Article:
The train driver trapped during the devastating Kaikoura earthquake has spoken for the first time, driving the first train into Christchurch today on the newly-repaired railway line.
Wayne Sullivan had just taken the controls of the KiwiRail train on the South Island's Main North Line when the giant magnitude-7.8 quake struck just after midnight on November 14 last year.
He spotted dust falling from a tunnel he was about to enter north of Kaikoura and started to hit the brakes.
"It was pretty intense," he said today as he brought a train carrying goods from Picton into Christchurch for the first time in ten months.
He was trapped overnight by the quake.
About 25 minutes after the quake struck, he escaped up a hillside, fearful of tsunamis hitting the coast. "Definitely the blood was flowing," Sullivan said.
Having moved to Christchurch in June 2011, the Australian-born train engineer had experienced quakes before and knew how to act.
He said he had no second thoughts getting behind the controls and was glad to drive into Christchurch today, which he said was a "symbol of how you could overcome these things".
Following November's earthquake, there were around 60 major damage sites, including tunnels, bridges and embankments.
The railway was buried under more than 100 slips and landslides, with around 60 bridges suffering damage and repairs required at more than 750 sites.
This morning's train was driven from Picton to Kaikoura by KiwiRail locomotive engineer Paul Foskett, who had just finished his shift 15 minutes before the quake struck and had started driving home to Blenheim.
His car was thrown across the road and he witnessed other cars drive into holes created by the quake.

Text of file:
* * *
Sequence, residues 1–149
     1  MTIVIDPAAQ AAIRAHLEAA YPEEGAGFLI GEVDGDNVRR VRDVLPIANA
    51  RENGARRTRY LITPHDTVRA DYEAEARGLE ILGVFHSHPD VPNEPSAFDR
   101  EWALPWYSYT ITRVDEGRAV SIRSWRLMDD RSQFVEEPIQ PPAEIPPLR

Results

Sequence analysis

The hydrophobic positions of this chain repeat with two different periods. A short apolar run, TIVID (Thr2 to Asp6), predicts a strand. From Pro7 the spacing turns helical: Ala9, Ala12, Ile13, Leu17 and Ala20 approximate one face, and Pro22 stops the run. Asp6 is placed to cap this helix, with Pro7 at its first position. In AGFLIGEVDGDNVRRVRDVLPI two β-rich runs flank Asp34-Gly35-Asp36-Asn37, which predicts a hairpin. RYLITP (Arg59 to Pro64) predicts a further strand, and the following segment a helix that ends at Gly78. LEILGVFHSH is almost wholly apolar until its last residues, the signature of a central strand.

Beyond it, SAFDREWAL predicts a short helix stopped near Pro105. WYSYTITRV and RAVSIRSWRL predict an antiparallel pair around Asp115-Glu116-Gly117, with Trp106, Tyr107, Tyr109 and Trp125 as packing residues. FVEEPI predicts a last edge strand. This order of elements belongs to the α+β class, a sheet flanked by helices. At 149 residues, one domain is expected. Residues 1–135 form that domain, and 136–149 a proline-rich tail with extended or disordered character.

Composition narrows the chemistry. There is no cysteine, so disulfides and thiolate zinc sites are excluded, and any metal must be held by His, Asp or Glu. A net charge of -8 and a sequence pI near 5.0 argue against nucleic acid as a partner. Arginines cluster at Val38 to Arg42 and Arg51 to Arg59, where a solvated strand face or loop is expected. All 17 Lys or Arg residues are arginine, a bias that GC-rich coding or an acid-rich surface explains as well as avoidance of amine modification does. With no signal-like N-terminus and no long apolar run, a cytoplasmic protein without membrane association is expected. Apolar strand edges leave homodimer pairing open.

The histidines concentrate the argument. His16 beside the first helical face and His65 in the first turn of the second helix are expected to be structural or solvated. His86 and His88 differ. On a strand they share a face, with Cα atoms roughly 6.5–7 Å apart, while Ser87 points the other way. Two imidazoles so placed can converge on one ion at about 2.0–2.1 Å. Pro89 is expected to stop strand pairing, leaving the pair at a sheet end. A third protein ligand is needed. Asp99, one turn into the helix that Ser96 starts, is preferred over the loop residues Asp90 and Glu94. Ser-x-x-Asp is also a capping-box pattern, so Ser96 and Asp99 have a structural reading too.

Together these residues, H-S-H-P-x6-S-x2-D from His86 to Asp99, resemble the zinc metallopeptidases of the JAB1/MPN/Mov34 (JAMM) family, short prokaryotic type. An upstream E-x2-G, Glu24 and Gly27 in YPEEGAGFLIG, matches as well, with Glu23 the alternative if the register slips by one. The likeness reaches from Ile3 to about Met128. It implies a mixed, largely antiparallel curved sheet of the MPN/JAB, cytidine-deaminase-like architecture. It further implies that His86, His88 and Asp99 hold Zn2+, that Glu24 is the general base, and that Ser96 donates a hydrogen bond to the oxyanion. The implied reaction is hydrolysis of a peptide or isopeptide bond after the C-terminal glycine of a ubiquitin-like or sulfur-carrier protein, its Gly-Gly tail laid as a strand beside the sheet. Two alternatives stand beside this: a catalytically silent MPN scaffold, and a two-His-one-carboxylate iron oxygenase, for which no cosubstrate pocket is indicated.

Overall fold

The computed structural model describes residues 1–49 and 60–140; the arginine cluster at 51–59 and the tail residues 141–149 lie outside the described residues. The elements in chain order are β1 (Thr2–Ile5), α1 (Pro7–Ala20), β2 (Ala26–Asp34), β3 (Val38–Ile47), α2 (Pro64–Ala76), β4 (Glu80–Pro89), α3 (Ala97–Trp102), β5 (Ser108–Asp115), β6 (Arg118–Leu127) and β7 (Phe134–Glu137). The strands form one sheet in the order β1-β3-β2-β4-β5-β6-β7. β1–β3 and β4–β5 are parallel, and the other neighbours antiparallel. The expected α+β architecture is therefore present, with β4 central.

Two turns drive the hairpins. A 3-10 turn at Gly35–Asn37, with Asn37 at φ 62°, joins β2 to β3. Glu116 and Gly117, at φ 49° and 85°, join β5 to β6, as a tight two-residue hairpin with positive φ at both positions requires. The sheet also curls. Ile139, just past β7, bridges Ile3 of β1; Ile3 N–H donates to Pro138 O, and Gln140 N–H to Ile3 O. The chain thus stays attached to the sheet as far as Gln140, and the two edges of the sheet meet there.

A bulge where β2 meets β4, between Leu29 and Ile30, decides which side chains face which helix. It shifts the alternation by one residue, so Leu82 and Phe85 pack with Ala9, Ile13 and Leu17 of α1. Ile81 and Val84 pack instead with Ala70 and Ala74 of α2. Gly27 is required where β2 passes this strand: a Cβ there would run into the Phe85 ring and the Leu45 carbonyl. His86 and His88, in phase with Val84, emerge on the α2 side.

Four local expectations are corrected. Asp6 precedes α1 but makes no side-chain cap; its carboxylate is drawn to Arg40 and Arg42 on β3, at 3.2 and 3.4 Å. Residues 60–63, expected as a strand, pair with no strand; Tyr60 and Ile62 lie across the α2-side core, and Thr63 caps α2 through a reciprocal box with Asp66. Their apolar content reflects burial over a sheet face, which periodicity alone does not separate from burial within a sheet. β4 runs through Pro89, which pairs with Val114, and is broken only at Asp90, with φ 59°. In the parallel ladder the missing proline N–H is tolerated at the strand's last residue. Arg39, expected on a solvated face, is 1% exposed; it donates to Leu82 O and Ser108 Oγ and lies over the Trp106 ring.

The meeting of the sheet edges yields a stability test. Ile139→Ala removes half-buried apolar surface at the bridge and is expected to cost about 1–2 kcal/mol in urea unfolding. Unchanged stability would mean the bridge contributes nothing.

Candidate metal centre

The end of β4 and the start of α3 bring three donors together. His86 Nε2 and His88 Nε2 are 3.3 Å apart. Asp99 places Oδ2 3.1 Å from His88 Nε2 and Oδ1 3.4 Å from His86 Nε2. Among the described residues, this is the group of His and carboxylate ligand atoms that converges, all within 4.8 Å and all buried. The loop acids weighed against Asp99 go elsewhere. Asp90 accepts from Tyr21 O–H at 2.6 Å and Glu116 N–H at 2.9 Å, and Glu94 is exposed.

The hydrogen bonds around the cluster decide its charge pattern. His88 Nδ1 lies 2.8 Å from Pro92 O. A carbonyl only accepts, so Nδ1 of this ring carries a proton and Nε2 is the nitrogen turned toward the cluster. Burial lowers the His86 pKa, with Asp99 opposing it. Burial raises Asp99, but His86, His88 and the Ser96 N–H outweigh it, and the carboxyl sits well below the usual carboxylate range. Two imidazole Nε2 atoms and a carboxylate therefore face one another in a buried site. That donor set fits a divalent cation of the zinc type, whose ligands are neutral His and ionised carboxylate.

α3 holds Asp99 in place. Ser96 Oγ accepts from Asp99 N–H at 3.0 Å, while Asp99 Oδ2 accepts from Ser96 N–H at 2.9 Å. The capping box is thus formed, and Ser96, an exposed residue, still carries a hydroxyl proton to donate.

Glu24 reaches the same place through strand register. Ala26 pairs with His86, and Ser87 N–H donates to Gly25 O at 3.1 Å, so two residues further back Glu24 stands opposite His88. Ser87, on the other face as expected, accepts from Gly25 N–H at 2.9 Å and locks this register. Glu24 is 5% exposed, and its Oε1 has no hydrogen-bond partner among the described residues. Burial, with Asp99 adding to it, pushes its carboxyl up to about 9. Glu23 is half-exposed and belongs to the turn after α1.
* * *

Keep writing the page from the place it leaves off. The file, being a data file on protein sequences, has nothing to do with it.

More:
Foskett's colleagues spent a worried night searching for him, and it wasn't until daylight that he was located sheltering in a farmhouse. He spoke to an enthusiastic crowd at Kaikoura today about his experiences and how he thought he'd never have returned to the Main North Line given the damage.
"How wrong was I?" he said.
Transport Minister Simon Bridges said the return of the key freight service was "an immense achievement".
"[It] will take pressure off the inland routes while helping with the rebuild of State Highway One during the day," Bridges said.
The return of rail, even in a limited capacity, will take around 2000 trucks off the road each month, Bridges said, building to 4000 trucks when the line is fully operating again by the end of the year.
A sculpture by internationally-renowned local artist Ben Foster was unveiled at this morning's event, to provide a lasting marker of the effort put in by the 1500 people involved in the rebuild.
It features pieces of twisted track salvaged from IronGate, north of Kaikoura, where Foster regularly surfed before the quake.
"This sculpture reminds us that change is very much a constant, the twisted rail communicating the raw power of mother nature, and may stand as a constant reminder of how resilient we all are as it reaches upward," he said.
Today's freight service operated during the day, however after today KiwiRail will be running a limited, low-frequency freight service at night.
This is so the vital work of continuing to rebuild the road and further repair the rail line can continue.